Protecting Your Farm with a Margin Protection Plan

You now have additional insurance options for protecting profits.

The one certainty of farming is uncertainty: You can’t know what the weather will bring, how the market will fluctuate and what your exact costs will be. Crop insurance, regulated by the U.S. Department of Agriculture’s Risk Management Agency (RMA) and subsidized by the Federal Crop Insurance Corporation (FCIC), covered about 85% of planted acreage for major crops and 73% of eligible specialty crops in 2015.[1]. But, as Michael Vallery, farmer and partner at London, Ohio-based Vallery & Dorn Insurance, notes, “explaining crop insurance is kind of tough.” And now, crop insurance is changing. In the past, you could only get:

  • Yield Protection (YP): Protects against crop yield lost to natural disasters, with specific restrictions on some crops based on acceptable farming practices.[2] Payments are based on your farm’s previous yields.

  • Revenue Protection (RP): Protects against losses in revenue and sales. Payment is also based on your farm’s previous yields.

  • Area Risk Protection Insurance (ARPI): This functions like YP or RP, but payment is based on countywide estimates rather than your farm’s previous yields.

Now the RMA has approved Margin Protection Plans (MPP), which protect against an unexpected decrease in your profit margin, based on countywide yields. “So many factors are beyond the farmer’s control,” Vallery says about the need for margin protection. “You can be the best farmer and still lose your tail.” Here’s what you need to know.

  • What is MPP? MPP provides coverage against an unexpected decrease in operating margin (revenue minus input costs), whether that decrease is a result of yields, commodity prices, increased prices of certain inputs, or any combination of these, all based on countywide averages rather than your farm’s history.[3]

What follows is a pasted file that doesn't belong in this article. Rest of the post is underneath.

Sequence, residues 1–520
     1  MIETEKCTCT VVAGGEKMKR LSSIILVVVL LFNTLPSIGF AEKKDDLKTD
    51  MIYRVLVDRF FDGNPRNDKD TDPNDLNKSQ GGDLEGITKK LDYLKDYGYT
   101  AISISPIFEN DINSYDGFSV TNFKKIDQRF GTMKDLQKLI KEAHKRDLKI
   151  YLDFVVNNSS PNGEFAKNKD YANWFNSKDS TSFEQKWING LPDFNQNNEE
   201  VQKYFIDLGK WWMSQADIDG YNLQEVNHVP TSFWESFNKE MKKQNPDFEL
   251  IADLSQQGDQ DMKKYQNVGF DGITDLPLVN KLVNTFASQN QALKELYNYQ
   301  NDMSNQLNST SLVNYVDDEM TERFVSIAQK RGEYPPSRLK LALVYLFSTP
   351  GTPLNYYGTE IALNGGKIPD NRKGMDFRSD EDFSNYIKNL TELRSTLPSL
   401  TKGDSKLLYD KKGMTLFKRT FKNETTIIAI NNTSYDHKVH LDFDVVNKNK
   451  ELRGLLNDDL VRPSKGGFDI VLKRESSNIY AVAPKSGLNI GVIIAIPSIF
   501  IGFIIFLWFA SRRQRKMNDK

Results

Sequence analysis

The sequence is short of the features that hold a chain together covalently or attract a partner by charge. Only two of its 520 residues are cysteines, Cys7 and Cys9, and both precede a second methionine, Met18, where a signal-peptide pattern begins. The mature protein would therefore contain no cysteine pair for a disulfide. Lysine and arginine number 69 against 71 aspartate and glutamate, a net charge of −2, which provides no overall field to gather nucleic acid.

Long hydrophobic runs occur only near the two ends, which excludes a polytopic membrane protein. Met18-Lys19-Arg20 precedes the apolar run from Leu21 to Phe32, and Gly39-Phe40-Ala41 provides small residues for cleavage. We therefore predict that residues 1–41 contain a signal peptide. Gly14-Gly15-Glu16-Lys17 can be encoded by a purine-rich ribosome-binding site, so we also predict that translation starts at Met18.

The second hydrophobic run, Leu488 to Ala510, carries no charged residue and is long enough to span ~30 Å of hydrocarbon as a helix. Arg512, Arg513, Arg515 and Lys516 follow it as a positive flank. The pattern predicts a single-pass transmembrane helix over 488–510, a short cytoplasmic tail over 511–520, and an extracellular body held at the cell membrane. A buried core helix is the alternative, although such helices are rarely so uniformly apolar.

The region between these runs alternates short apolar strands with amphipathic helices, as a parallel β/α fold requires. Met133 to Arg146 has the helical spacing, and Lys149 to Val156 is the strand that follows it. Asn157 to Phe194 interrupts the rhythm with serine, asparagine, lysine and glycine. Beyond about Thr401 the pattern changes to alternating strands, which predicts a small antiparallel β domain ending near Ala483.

• When should you purchase MPP? To have MPP in place for the 2018 crop year, the deadline was September 30, 2017. Look for the 2019 deadline next fall.
  • How can you purchase MPP? You can purchase MPP from a licensed multiple-peril crop insurance provider.
  • Where is it available? Depending on the crop, MMP is available in select counties in Arkansas, California, Illinois, Indiana, Iowa, Kansas, Louisiana, Michigan, Minnesota, Mississippi, Missouri, Montana, Nebraska, North Dakota, Ohio, South Dakota, Texas and Wisconsin. Ask your insurance provider if it’s available for your crop in your county.

When you’re considering whether you can benefit from MPP, Vallery says, “You have to ask yourself how much risk you are willing to take on yourself. That number is different for every farm.” Talk with your accountant and your insurance provider about whether MPP might work for you in the future.

More for Agriculture Professionals 

Contact Us » »

Why choose PNC? »

Start Your Cash Flow Conversation
Give us a call at 1-855-762-2365 or fill out our simple form and a PNC Business Banking representative will get in touch with you.
Request a Contact »

Important Legal Disclosures and Information




The article(s) you are reading were prepared for general information purposes by Manifest, LLC. These articles are for general information purposes only and are not intended to provide legal, tax, accounting or financial advice. PNC urges its customers to do independent research and to consult with financial and legal professionals before making any financial decisions. These articles may provide reference to Internet sites as a convenience to our readers. While PNC endeavors to provide resources that are reputable and safe, we cannot be held responsible for the information, products, or services obtained on such sites and will not be liable for any damages arising from your access to such sites. The content, accuracy, opinions expressed, and links provided by these resources are not investigated, verified, monitored or endorsed by PNC.

Read a summary of privacy rights for California residents which outlines the types of information we collect, and how and why we use that information.